Cleaning & Restoration Association News

Education + Execution = Excellence

March 11, 2010
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As an instructor, I get to meet a lot of interesting people. Everyone has a story to tell and, if it is related to our business, I find I absorb the information even more.

Recently, a gentleman told me that he could maintain his cleaning and upholstery business with only three cleaning solutions. Now, before you all rush to tell me, “Well, I only use three” and so on, this is not to dispute the claim, but to say that you would have to be very selective in the solutions you use and, most of all, understand them completely.

Our cleaning solutions are just lubricants to assist the emulsification and break down of the soil. However, you cannot simply purchase them, apply them and step back, expecting them to work their magic. Practice and education is paramount in the use of the cleaning solutions you carry.

Talk to the people who sell you the product and learn the best way to use it, read technical articles explaining procedures, attend educational seminars and, whilst there, talk to others who use the products to learn from their mistakes and successes.

We use various techniques and procedures to treat spots or stains, and a lot of how we deal with them depends on the nature of the stain and the type of fabric, fiber or construction of the item stained. For example, a stain may be wet or dry, built up or compound. On some surfaces you may not be able to use such techniques as scraping with a spatula or tamping. A stain may be better rinsed from a loosely woven fabric than from one that is tightly woven such as printed cotton, but a tightly woven fabric will withstand treatment such as tamping more successfully.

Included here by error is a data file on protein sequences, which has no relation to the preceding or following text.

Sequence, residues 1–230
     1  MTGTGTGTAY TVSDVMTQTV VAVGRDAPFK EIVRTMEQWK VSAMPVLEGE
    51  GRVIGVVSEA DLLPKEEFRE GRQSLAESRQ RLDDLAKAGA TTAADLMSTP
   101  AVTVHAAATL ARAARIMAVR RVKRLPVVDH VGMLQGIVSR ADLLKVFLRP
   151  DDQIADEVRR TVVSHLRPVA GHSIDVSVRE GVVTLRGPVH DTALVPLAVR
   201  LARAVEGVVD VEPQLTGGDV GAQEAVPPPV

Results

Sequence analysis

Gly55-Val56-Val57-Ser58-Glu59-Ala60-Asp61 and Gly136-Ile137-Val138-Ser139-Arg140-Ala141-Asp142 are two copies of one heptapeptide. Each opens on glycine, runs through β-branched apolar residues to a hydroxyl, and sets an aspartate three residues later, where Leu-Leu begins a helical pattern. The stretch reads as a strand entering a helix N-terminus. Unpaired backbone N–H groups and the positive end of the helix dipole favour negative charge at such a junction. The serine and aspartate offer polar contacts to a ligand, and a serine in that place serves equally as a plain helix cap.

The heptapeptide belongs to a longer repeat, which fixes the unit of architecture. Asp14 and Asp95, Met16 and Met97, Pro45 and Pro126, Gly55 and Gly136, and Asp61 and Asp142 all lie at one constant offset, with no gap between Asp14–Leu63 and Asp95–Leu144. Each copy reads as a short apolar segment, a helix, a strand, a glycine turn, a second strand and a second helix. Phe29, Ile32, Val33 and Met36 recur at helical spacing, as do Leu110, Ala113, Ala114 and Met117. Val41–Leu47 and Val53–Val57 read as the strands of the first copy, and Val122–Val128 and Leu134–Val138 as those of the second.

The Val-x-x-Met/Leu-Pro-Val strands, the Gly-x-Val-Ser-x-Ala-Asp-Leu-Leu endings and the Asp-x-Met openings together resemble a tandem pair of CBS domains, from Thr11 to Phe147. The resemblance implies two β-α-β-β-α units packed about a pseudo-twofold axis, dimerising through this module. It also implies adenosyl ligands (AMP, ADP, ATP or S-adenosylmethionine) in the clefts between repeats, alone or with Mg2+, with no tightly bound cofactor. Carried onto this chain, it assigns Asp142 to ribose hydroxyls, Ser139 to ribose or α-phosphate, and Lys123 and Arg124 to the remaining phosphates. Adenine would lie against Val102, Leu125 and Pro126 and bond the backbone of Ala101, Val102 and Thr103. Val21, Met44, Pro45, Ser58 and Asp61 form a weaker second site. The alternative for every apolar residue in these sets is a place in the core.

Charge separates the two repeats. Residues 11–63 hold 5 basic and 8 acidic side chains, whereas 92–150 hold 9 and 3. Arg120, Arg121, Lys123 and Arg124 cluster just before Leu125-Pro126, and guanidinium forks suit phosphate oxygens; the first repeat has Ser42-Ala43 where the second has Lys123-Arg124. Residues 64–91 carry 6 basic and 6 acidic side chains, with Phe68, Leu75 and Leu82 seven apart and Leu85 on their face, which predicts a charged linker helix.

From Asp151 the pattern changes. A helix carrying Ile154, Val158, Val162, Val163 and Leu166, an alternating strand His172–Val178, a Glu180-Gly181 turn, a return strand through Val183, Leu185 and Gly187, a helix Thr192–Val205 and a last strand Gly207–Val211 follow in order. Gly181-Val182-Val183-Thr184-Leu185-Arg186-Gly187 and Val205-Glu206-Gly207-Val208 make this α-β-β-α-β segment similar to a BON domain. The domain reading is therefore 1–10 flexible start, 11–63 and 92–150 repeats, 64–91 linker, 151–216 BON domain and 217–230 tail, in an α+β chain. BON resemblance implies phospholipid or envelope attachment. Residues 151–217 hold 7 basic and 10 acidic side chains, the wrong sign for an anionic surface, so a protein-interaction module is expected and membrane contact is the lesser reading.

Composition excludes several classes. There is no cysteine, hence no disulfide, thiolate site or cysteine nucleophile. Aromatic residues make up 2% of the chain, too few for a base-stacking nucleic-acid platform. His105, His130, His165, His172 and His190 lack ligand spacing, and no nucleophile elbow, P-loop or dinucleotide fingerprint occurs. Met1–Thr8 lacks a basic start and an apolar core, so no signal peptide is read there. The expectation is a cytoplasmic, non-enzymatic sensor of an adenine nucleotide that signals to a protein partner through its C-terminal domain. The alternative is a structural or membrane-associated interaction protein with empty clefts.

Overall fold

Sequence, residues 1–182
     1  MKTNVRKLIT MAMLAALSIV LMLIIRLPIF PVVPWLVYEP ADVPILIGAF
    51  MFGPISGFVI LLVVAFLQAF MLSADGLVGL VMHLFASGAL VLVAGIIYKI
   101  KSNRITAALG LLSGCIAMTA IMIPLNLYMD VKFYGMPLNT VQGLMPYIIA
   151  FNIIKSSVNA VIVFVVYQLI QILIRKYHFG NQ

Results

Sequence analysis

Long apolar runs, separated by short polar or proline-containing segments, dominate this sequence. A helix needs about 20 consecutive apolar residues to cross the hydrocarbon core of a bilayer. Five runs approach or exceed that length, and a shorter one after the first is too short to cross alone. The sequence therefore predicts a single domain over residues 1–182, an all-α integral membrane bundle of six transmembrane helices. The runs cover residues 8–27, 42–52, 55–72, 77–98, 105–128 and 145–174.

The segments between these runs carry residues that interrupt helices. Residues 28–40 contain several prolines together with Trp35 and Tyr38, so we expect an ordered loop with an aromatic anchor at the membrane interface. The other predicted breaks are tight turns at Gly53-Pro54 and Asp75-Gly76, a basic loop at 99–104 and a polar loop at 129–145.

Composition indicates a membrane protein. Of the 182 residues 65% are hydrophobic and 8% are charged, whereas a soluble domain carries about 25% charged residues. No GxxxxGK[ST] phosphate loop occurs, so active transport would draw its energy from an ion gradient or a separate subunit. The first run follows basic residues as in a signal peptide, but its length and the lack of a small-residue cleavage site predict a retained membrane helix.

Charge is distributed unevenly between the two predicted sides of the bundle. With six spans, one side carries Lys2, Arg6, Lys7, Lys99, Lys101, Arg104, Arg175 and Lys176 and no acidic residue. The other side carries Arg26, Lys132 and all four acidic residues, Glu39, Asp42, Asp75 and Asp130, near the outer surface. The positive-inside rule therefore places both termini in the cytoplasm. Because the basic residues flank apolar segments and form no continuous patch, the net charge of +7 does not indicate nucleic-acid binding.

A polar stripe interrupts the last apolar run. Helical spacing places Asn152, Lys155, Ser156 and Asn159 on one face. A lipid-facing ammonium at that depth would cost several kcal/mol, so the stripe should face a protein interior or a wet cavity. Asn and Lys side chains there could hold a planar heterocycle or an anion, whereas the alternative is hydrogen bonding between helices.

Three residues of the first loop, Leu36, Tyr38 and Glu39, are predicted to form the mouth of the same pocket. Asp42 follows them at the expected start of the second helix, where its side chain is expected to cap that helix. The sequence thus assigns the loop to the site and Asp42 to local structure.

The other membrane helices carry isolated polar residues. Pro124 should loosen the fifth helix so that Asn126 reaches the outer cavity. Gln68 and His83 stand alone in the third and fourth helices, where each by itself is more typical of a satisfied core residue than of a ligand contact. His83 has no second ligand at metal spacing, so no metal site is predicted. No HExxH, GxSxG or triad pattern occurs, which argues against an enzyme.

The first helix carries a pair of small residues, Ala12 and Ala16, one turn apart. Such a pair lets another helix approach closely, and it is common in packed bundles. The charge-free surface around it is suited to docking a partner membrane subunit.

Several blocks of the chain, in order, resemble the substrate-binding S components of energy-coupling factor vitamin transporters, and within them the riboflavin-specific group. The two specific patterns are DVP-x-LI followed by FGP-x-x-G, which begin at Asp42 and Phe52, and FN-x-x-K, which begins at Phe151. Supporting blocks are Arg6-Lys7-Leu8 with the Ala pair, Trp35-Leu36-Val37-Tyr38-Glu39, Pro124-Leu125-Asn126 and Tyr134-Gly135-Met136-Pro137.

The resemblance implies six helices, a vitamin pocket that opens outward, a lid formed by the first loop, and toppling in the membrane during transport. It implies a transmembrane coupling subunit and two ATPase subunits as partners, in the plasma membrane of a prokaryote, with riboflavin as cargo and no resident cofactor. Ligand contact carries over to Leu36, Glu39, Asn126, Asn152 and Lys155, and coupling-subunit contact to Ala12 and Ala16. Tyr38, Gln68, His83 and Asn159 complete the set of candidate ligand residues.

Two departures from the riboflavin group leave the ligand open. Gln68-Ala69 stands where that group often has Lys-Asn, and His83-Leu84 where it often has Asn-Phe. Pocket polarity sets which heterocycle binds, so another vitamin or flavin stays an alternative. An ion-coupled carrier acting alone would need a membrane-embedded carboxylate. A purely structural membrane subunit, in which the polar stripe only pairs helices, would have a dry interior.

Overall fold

Rinsing removes loosened staining and any residue from the stain-removal agent. This is an important step in the process; if any cleaning solutions are left in the fabric or carpet, they may cause additional staining or damage the item.

When rinsing a stain, you will need to control the flow of water carefully. For really small soils you may want to rinse with something as simple as an eyedropper and blot with kitchen paper. If you are carrying out spot or stain removal in a small area, a hair dryer is a necessity. If the area is dry before you leave, were there to be a wick back it would show and you can re-rinse, reducing the possibility of a call back.

Cleaning solutions are important and, at this writing, I have not yet found a “one product does everything” solution. Of course, some solutions may only be needed on rare occasion, and so you could be forgiven for not having them in your vehicle all the time. The problem with this is, if you are unable to successfully deal with a stain that is driving your client mad, she calls in someone else and they remove it immediately. Goodbye repeat business.

That’s where IICRC certification and education comes in handy. You not only learn about fibers and textile construction, but also the proper type of solution to best assist in the removal of spots and stains on various textiles. On top of which, you also learn the safe practices and procedures vital to carrying out your profession. Be wise. Be IICRC certified.

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